Author: Jo-Ann

Colette Laurel 3/4 Sleeved Top

Follow my blog with Bloglovin Hello again After my first make of 2017 – The Merchant & Mills Curlew long-sleeved top, I decided to make another top, this time the Laurel by Colette Patterns. I’ve had this paper pattern for a few years now.  When I first bought it I had a go at making the dress, which didn’t go so well due my lack of experience in fitting patterns.  This time I decided to make the 3/4 sleeve top using a lightweight denim. “The fit is semi-loose with a fitted bust and back darts to keep the shape streamlined”.  The Laurel by Colette Patterns Making this garment has also enabled me to have a go at improving some of my sewing techniques.  I’ve used French seams on the sides of the garment, and flat and fell seam for the back seam which is a nice decorative feature. Instructions for s French Seam –  Reader’s Digest, Complete Guide to Sewing (see photograph above) With wrong sides of fabric together stitch 10 mm from the edge of the fabric. Trim seam allowance …

Merchant & Mills Curlew Long Sleeved Top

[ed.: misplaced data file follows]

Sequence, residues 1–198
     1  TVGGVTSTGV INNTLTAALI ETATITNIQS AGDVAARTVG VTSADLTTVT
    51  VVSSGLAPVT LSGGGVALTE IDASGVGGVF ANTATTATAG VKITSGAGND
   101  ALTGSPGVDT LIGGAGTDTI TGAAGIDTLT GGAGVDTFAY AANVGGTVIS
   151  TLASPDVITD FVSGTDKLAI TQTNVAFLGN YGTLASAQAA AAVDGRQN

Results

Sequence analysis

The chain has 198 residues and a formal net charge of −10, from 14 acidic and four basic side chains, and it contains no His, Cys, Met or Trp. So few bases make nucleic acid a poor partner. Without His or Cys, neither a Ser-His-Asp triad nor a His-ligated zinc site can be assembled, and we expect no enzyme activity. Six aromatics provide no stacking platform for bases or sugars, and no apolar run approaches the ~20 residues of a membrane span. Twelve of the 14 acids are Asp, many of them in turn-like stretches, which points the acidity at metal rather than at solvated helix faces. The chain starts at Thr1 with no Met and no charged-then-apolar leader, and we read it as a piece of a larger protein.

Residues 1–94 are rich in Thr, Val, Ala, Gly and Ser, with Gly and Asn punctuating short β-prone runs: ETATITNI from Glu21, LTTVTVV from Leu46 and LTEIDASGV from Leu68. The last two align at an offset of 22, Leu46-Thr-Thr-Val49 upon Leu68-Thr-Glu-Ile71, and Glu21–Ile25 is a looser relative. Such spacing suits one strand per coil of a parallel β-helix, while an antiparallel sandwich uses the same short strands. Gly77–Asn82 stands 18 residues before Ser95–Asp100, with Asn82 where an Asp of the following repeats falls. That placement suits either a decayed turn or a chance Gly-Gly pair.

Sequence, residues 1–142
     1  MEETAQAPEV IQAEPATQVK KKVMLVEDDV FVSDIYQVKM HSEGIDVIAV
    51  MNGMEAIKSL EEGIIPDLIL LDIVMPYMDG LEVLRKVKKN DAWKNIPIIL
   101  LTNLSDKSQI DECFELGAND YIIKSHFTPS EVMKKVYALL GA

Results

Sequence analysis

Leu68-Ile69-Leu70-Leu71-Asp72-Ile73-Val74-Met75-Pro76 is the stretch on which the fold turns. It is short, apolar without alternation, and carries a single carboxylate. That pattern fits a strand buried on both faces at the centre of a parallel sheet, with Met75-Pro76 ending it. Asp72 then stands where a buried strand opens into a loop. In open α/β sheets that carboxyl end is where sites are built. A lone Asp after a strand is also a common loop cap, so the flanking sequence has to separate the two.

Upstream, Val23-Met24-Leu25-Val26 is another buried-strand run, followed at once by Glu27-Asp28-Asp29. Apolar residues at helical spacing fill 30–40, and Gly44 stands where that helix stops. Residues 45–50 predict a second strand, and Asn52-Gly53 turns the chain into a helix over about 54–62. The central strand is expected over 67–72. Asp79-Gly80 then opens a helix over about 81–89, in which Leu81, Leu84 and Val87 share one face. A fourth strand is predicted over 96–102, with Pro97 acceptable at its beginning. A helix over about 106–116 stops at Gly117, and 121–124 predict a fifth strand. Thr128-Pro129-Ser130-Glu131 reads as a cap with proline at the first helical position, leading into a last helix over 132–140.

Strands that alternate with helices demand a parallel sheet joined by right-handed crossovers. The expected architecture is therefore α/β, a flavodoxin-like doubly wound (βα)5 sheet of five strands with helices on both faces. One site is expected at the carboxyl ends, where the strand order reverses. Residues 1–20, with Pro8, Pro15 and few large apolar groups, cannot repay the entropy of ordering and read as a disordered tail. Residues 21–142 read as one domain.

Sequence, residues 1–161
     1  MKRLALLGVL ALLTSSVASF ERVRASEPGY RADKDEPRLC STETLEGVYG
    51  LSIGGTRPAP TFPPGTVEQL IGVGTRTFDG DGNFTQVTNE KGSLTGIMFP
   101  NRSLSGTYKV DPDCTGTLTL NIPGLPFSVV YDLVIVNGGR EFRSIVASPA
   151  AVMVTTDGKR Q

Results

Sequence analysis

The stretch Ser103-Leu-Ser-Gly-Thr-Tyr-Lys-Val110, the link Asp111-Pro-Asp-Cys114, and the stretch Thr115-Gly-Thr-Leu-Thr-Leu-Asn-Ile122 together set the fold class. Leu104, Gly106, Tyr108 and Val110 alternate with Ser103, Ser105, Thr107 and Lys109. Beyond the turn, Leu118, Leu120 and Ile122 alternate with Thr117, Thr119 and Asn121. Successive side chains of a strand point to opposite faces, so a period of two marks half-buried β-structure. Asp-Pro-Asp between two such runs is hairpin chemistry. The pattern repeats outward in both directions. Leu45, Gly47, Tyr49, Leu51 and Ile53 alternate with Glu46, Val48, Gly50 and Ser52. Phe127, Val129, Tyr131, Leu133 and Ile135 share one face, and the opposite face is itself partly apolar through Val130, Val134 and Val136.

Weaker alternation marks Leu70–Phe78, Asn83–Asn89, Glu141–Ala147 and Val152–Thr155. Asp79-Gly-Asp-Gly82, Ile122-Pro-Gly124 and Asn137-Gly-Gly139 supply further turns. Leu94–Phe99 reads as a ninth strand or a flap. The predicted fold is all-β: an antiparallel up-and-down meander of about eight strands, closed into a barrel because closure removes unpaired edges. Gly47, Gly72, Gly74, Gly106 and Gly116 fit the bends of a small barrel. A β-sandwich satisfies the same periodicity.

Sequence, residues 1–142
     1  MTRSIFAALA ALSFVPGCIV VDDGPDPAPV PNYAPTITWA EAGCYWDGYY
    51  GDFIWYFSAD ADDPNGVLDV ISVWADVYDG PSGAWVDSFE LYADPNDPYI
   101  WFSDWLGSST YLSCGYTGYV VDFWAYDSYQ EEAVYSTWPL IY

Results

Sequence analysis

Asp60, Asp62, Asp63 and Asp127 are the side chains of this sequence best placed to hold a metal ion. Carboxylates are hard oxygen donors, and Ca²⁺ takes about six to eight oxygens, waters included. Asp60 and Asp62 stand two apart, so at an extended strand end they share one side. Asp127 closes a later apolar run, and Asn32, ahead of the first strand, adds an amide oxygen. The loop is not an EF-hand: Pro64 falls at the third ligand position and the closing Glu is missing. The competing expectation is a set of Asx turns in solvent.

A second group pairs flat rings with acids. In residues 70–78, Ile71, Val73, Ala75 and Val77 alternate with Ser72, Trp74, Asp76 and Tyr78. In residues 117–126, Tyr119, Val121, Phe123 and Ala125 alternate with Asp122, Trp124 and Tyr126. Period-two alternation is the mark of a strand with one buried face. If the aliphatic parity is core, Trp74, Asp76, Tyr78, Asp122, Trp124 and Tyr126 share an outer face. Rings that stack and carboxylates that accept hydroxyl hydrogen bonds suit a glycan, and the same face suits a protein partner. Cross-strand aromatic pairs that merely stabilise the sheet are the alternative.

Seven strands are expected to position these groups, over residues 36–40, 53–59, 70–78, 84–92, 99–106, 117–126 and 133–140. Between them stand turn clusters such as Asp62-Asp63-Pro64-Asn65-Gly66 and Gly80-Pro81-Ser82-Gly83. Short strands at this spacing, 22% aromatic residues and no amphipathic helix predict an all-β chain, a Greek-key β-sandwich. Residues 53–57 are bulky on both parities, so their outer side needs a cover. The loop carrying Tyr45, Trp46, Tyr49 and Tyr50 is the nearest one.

Hello hello This top represents a number of firsts for me.  First time I’ve used a Merchant and Mills pattern, first time I’ve made a long-sleeved top, and the first time I’ve worked with bias cut fabric.  Phew! I love Merchant and Mills utilitarian aesthetic.  Their clothes are non-fussy and practical.  The first garment I decided to make was the Curlew, taken from their book, The Workbook.  The Curlew is presented in three ways – a dress, a sleeveless t-shirt and a long-sleeved top.  I decided to make the long-sleeved top to ease me into dressmaking.  I made it over a couple of days in an attempt to slow down and concentrate on each stage, and not rush through and make too many mistakes. Tracing out the pattern: The first night I traced out the Curlew pattern in a size 18 – Merchant and Mills largest size.  I used grease-proof paper to transfer the pattern which was without drama.  I like the fact I still have a full pattern, and the possibility of modifying it …